Veronica Pasfield, "Kill the Indian to Save the Man": the "Indian Problem" and Native American Boarding Schools
- 11/14/2012 |
6:30 PM – 8:30 PM
Location: Hubbard Hall, Conference Room West (213)
Event Type: Lecture
The end of the Civil War meant an increase in American settler-colonial invasion into tribal homelands in the West. A decade of armed violence and massacre erupted as the Army and frontier militias attempted to exterminate or inter tribal communities permanently--and to extract tribal natural resources badly needed for U.S. expansion West.
In 1879, a new kind of solution to the "Indian problem" emerged in the form of Carlisle Indian Industrial Boarding School. In the words of founder Lt. Richard Henry Pratt, a federal Indian school system would "kill the Indian, and save the man." Federal agencies and missionary groups joined in an aggressive program to force Indian children to abandon their cultures, languages, and religions and assimilate to Euro-American lifeways.
This talk examines the underpinning ideologies behind the federal Indian boarding school system, which flourished from 1879-1934. Also considered are the creative and heroic strategies employed by Indian children to maintain their cultures, family ties, and sense of self-worth.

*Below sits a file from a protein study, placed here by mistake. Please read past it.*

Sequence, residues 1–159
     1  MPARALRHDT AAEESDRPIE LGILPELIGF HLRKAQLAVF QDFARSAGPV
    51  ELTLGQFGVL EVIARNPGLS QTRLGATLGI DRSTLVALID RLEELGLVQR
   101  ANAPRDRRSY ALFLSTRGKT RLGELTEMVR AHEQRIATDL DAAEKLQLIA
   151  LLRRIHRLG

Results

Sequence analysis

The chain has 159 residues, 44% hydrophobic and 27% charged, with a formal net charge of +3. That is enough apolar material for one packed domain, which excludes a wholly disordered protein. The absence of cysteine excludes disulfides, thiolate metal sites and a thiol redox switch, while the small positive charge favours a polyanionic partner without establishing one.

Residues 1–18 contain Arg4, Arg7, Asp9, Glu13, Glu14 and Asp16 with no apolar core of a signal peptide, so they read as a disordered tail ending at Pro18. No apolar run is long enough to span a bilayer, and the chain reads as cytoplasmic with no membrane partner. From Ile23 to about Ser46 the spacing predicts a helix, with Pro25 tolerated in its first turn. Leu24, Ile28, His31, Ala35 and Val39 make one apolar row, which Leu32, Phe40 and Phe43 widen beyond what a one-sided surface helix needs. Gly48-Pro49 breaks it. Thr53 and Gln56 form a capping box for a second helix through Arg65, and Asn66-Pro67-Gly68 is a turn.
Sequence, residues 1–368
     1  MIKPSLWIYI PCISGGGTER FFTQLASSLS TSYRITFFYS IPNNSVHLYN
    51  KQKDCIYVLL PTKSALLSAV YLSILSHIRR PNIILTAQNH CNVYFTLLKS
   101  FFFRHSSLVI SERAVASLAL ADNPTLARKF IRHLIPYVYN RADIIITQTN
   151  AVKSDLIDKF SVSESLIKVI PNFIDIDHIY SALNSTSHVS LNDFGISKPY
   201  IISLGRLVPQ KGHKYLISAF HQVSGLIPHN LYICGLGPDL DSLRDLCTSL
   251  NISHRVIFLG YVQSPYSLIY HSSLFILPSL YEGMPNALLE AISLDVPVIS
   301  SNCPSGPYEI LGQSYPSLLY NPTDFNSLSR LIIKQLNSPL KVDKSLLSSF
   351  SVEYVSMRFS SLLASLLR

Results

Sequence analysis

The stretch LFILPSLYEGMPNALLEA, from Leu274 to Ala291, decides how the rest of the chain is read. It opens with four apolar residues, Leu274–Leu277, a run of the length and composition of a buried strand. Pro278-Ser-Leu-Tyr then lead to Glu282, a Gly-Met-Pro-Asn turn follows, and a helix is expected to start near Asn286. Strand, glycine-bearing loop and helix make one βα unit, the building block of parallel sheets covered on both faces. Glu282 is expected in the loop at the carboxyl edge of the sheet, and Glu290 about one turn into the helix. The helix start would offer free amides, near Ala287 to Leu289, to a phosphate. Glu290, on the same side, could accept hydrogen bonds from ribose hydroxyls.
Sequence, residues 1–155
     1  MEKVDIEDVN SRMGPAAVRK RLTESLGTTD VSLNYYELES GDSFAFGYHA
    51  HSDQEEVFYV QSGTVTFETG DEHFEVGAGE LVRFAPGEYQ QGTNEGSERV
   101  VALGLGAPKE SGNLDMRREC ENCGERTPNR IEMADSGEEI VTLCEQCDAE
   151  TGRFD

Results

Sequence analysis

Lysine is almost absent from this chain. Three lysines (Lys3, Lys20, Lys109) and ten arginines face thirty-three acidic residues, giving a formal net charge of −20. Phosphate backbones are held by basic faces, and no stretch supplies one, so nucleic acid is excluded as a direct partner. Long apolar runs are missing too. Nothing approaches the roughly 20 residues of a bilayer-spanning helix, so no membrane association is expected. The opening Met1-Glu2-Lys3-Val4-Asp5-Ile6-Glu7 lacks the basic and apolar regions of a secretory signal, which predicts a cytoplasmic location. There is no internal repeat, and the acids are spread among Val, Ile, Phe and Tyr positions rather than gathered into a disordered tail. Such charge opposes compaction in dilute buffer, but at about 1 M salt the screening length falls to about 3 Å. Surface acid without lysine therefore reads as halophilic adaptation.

Veronica Pasfield is Ojibwe and a citizen of Bay Mills Indian Community in Michigan's Upper Peninsula. A PhD candidate in the Program in American Culture at the University of Michigan, Pasfield is particularly interested in the ways indigeneity challenges and shapes U.S. nationalism and contemporary tribal activisms, particularly in the realms of resistance, museums, and education. Pasfield's dissertation focuses on trans-Pacific circuits of power and dispossession that link Hawaiian, American Indian, and Freedman's industrical boarding school systems. She is also a repatriation activist, and a NAGPRA Officer for her tribe. Before returning to academia, Pasfield was a magazine writer and editor in Detroit and San Francisco.